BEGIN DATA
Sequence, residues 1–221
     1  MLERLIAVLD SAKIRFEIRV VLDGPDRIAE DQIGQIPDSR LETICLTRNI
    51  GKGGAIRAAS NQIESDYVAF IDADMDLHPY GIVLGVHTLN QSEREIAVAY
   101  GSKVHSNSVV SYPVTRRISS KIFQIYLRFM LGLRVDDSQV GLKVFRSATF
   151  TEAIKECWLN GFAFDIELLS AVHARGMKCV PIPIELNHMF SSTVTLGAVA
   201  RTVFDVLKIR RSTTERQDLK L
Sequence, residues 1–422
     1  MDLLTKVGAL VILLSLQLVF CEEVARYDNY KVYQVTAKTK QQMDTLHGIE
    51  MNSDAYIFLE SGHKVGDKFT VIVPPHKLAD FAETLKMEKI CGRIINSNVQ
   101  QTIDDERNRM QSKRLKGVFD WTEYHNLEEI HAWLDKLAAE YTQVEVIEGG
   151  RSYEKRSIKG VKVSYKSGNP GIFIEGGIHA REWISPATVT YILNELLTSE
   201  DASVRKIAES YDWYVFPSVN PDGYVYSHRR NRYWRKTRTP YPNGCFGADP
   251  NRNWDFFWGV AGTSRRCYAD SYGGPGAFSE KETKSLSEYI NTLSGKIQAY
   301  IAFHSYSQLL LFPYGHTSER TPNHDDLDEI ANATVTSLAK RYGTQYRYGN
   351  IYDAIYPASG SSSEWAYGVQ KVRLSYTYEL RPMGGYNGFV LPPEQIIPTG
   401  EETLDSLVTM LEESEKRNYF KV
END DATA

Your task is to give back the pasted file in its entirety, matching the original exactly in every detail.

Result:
Sequence, residues 1–221
     1  MLERLIAVLD SAKIRFEIRV VLDGPDRIAE DQIGQIPDSR LETICLTRNI
    51  GKGGAIRAAS NQIESDYVAF IDADMDLHPY GIVLGVHTLN QSEREIAVAY
   101  GSKVHSNSVV SYPVTRRISS KIFQIYLRFM LGLRVDDSQV GLKVFRSATF
   151  TEAIKECWLN GFAFDIELLS AVHARGMKCV PIPIELNHMF SSTVTLGAVA
   201  RTVFDVLKIR RSTTERQDLK L
Sequence, residues 1–422
     1  MDLLTKVGAL VILLSLQLVF CEEVARYDNY KVYQVTAKTK QQMDTLHGIE
    51  MNSDAYIFLE SGHKVGDKFT VIVPPHKLAD FAETLKMEKI CGRIINSNVQ
   101  QTIDDERNRM QSKRLKGVFD WTEYHNLEEI HAWLDKLAAE YTQVEVIEGG
   151  RSYEKRSIKG VKVSYKSGNP GIFIEGGIHA REWISPATVT YILNELLTSE
   201  DASVRKIAES YDWYVFPSVN PDGYVYSHRR NRYWRKTRTP YPNGCFGADP
   251  NRNWDFFWGV AGTSRRCYAD SYGGPGAFSE KETKSLSEYI NTLSGKIQAY
   301  IAFHSYSQLL LFPYGHTSER TPNHDDLDEI ANATVTSLAK RYGTQYRYGN
   351  IYDAIYPASG SSSEWAYGVQ KVRLSYTYEL RPMGGYNGFV LPPEQIIPTG
   401  EETLDSLVTM LEESEKRNYF KV